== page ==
And we chose not to create a cotton product (though we did do some lovely tea towel designs!).
Waste not want not
Waste was considered at every stage of the design and process. Minimum fabric was ordered, our suppliers worked to get the most out of the rolls, very little was wasted. We even grappled with the packaging. We got the printers to send us the leftover paper from the dye-sublimation process and we created bespoke packaging from it. The labels (and string) are paper, pre-existing and rubber stamped. These can be recycled too.
Designed through the lens of minimum carbon
We tracked our suppliers, ordered as close as we could to the UK to minimise transportation and printed and made the products in the UK. We badgered suppliers for data about where the fabrics, inks, thread, packing, print paper comes from. Some of it we just couldn’t get and as with all carbon foot printing we went with a global average. Then we ran the numbers and compared it to ‘business as usual’.
What comes around goes around
So, after years of wearing it, sitting on it or stuffing pens/make up/bits and bobs in it and when you feel like a change send it back to us. We know exactly what is in it (one material) and know who wants to recover it. It’s as close to a circular product range as we can make it right now. When we crunched the carbon data it was amazing to see what a difference recycling could make in reducing the footprint. By creating the beginning of a circular product we can literally half the impact!
One last thought
We really hope you love Clean Up Camo and can see the care and attention we have put in to make it as ‘impact light’ as is currently possible. To make sure your actions don’t add the kgs please look after them too by keeping washing to a minimum and avoid dry cleaning (full of nasty solvents).
From Ella and Sophie
Ella is an award winning designer with extensive experience in textiles, product design and photography. Her current focus is the exploration of new approaches in circular design that offer practical artistic solutions to address the challenges of product creation in society where resources are finite. Her recent solo show and documentary on material circularity and transparency, ‘Sheep to Seat, Fleece to Floor’, was held at Yorkshire Sculpture Park in the summer of 2019. With sensitivity to the complex relations between cause and effect in product design, Ella seeks projects that draw on innovative technologies to help push the industry towards a carbon neutral economy.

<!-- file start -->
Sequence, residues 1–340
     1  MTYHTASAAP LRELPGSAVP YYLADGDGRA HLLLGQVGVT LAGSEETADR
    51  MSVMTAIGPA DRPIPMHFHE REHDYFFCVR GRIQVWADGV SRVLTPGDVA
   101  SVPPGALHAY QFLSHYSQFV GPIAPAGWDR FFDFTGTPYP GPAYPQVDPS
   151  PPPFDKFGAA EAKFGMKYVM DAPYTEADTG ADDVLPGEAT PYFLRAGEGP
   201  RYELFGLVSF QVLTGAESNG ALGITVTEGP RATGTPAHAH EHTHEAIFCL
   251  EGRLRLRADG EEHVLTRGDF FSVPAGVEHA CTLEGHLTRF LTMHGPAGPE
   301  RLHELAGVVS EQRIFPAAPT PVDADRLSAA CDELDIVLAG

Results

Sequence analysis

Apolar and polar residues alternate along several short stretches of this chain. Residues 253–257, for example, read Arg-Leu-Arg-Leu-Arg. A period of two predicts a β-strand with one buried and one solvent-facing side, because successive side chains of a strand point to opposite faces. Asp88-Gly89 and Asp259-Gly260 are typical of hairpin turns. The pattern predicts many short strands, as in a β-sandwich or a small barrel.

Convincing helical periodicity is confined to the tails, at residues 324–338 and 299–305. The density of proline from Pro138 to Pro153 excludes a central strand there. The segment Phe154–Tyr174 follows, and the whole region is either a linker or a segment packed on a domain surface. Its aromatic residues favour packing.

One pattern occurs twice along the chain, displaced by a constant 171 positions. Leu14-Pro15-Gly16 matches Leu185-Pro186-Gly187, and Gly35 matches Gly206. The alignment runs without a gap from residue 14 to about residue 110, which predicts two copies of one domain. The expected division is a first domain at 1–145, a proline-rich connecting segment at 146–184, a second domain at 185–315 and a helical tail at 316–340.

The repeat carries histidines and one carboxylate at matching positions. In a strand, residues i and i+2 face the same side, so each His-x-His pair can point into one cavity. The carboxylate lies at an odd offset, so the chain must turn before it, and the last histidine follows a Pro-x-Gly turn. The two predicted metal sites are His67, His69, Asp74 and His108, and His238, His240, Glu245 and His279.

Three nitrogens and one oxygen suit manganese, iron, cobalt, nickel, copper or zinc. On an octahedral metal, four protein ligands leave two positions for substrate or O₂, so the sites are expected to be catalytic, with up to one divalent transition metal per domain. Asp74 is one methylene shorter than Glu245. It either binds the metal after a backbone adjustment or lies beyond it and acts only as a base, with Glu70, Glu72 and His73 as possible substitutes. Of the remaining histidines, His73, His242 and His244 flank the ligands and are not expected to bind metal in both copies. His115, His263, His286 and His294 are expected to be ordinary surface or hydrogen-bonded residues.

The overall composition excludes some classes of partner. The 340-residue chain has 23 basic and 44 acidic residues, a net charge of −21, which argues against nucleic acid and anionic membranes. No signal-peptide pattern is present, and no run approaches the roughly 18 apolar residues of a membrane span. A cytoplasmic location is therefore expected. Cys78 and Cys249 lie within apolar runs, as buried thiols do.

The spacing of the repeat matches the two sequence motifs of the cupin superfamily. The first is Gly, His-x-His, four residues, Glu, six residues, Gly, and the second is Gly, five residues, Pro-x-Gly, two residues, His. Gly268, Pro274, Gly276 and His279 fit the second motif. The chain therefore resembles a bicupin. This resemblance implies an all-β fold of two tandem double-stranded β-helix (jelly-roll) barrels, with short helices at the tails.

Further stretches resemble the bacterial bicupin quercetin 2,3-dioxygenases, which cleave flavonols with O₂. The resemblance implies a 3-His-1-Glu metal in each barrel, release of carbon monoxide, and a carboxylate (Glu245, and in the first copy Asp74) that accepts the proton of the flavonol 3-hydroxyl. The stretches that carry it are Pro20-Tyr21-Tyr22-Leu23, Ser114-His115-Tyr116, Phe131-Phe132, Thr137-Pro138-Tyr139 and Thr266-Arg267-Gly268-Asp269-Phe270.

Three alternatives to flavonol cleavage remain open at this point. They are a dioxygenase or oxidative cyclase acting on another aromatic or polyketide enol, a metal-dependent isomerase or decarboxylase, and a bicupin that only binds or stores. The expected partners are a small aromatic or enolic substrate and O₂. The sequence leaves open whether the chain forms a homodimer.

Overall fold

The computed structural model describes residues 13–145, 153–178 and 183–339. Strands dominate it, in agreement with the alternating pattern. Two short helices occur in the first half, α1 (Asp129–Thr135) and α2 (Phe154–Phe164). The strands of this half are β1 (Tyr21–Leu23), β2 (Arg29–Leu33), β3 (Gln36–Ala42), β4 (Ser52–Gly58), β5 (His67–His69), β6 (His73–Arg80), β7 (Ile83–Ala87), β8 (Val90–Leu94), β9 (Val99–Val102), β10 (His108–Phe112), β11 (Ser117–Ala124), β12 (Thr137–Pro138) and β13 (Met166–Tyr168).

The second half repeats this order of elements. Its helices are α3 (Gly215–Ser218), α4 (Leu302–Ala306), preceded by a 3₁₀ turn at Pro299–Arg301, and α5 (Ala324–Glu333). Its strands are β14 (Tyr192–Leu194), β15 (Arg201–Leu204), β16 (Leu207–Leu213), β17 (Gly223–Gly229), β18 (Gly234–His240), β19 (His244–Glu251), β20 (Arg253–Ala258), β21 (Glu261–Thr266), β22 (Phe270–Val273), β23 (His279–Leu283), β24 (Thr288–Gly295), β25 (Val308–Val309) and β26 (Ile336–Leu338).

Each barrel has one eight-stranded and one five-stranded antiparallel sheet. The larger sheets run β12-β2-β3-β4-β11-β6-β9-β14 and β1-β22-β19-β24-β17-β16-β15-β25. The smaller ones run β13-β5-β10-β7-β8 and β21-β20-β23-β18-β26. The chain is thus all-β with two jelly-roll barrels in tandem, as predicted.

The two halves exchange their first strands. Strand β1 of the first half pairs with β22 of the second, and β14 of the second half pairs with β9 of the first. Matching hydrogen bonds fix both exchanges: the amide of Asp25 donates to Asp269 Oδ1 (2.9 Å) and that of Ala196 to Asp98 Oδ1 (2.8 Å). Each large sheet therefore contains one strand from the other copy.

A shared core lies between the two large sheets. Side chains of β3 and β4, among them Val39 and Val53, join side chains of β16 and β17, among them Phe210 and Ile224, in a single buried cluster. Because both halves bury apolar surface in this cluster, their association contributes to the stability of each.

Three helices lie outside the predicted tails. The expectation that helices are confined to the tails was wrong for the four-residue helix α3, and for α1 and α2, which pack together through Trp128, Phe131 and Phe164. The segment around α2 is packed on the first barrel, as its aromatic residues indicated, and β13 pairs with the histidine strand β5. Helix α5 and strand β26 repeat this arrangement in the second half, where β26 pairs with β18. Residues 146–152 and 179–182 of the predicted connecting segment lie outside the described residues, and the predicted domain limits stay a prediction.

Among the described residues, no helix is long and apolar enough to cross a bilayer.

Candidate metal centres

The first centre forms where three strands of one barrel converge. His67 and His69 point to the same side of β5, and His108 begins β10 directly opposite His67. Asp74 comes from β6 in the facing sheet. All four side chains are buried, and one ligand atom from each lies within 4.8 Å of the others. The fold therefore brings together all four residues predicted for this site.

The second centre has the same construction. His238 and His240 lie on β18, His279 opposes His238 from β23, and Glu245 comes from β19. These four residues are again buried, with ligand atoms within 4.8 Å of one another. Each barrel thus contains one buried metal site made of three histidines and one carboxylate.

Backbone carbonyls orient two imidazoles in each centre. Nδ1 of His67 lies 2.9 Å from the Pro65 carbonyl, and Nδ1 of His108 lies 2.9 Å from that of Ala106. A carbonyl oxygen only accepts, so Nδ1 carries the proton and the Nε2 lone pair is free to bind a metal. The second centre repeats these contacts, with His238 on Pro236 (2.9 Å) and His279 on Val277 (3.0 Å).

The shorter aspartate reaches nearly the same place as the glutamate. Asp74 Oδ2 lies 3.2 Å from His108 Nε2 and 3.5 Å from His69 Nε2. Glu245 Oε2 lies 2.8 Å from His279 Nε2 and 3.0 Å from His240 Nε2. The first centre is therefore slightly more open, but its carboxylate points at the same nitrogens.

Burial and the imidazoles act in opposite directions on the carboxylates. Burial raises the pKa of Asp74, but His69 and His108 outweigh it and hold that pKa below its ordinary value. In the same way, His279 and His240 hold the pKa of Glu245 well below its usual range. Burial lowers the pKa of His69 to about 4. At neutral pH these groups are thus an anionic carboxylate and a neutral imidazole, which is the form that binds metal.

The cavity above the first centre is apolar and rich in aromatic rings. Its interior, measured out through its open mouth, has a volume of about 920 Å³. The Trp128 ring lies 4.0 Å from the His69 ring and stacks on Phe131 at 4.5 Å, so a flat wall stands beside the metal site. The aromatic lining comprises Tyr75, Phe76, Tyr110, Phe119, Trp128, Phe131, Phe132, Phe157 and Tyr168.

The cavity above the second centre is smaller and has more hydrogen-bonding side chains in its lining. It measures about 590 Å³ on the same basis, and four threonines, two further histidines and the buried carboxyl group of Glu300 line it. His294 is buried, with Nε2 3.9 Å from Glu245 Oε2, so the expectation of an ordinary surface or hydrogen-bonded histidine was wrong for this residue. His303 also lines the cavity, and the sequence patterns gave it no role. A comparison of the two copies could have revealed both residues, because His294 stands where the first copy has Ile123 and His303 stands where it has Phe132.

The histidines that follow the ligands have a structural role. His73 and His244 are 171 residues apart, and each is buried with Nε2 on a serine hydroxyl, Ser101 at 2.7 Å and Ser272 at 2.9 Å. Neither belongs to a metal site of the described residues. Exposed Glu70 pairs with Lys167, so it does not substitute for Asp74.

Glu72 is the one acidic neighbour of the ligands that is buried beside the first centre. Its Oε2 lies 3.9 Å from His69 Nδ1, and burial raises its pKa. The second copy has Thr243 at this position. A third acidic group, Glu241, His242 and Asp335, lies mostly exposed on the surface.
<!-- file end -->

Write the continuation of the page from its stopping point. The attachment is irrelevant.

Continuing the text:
Sophie is an unusual mix of creative campaigner, practicing designer and chartered waste manager. She is an established leader in communication and design, and in the investigation and promotion of circular economy design principles, helping companies and governments around the world to shift towards better solutions.
“As a designer I’ve spent the last two decades fascinated by the way advances in manufacturing have blithely generated waste as a by-product of consumption. I investigate materials through a number of creative processes. Through the use of waste as raw material - ink from waste carbon, vessels from waste glass. Through environmental science; dismantling shoes, laptops, oil rigs etc and analysing lifecycles (being the first designer to be awarded chartership in waste management). And by being a design garbologist; investigating why design encourages wasteful habits”.
Visit SAS website here
Visit Sophie Thomas's website here
Recycled Polyester uses PET as a raw material, which is the same as that which is used in clear plastic water bottles. These bottles get recycled into pellets, in the following steps:
1.The collected PET bottles are sterilised, dried and crushed into small chips.
2. The chips are heated and passed through a spinneret to form strings of yarn.
3. This yarn is then wound up into spools
4. The fibre is then passed through a crimping machine to create a fluffy wooly texture
5. This yarn is then baled, dyed and woven into a polyester fabric
This is a great National Geographic short film illustrating the process.
This process of converting PET into recycled polyester requires much less energy than in the case of normal polyester. Apparently it's between 33-53% less energy